In today’s article, we zoom in on the choice between NB-IoT or LTE-M.
NB-IoT or LTE-M
An expected explosion of the number of things requiring connectivity in order to do what they are intended to do is an undisputable fact in the telecom community. Mobile network operators have early on identified their 3GPP-based solutions as one of the options to be used for that connectivity, and started exploring which of the various possible technologies to deploy in their networks in order to be part of the IoT business.
As it turns out, the set of improvements to carry IoT traffic over good old GSM and GPRS – EC-GSM-IoT – did not really gain any traction, as the general trend goes more towards getting away from the 2 and 2.5G solutions, possibly refarming the (attractive…) frequencies for LTE to use. As a result the most common dilemma faced by the network architects was to choose between the two LTE-based solutions: LTE-M (LTE for Machines) and NB-IoT (Narrowband IoT).
How did the comparison of these two technologies turn out? Well, the first fact to notice is that they both focus on optimising the 3GPP networks for the same reasons. To save on the devices battery, extending its lifetime to a required 10-15 years. To re-evaluate the existing mobile-related signalling procedures, especially for stationary devices, in order to cut down on unnecessary signalling. To minimise the amount of device- and service-related data stored in various network entities, as the number of devices to service is expected to reach billions. And to fulfil the possibly most important requirement – to create an environment in which really cheap and simple devices can get served adequately (a commonly mentioned number is production cost of below 5 USD per device). Early on it became quite clear that the network features defined for all the above purposes are, quite understandably, the same for both LTE-M and NB-IoT.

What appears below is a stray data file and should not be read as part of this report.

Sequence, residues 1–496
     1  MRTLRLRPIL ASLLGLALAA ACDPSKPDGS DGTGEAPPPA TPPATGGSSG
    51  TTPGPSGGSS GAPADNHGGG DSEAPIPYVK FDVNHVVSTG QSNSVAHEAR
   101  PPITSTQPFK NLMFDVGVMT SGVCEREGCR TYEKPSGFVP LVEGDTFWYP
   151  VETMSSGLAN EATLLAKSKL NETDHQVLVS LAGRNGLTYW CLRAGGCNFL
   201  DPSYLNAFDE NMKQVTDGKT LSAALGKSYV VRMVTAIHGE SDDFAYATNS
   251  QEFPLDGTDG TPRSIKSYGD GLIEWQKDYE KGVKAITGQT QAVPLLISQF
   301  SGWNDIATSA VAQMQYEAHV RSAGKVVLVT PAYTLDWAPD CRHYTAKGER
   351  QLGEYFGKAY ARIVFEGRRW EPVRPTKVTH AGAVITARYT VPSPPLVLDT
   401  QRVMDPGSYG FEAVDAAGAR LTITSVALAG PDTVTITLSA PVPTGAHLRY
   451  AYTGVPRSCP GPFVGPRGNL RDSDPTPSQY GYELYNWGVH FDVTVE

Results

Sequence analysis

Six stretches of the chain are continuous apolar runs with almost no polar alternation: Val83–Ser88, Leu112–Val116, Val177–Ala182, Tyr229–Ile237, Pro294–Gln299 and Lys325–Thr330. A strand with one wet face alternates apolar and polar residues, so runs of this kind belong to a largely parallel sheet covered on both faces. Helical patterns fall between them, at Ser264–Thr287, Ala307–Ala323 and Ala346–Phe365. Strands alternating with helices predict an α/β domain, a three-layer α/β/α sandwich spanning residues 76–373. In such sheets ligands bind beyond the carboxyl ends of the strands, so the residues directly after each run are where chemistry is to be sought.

So, where to do the two differ? The name says it all, really. NB-IoT is, well, narrowband. It is expected that the majority of “things” will send a just little bit of data, and rather seldom. That means that a narrowband solution – attractive, because it’s (relatively) cheap – is good enough for most of the new applications and services. On the other hand, not all of the IoT traffic is expected to be just a few octets to send from time to time – some applications for their regular behaviour, and probably most of them for e.g. occasional software upgrades – will need resources with reasonably high throughput rates and possibly delivery guarantees. And for that purpose the regular LTE radio, broadband in comparison with NB-IoT, is much better suited – once we add the IoT-specific features turning it into LTE-M.
So, what is the conclusion? Well, it appears LTE-M and NB-IoT are not competing, but complimentary technologies. Most probably the operators will implement both – with the only decision to be taken being: which project should come first… NB-IoT or LTE-M? What is your opinion on this?
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The Apis IP-Solutions Team
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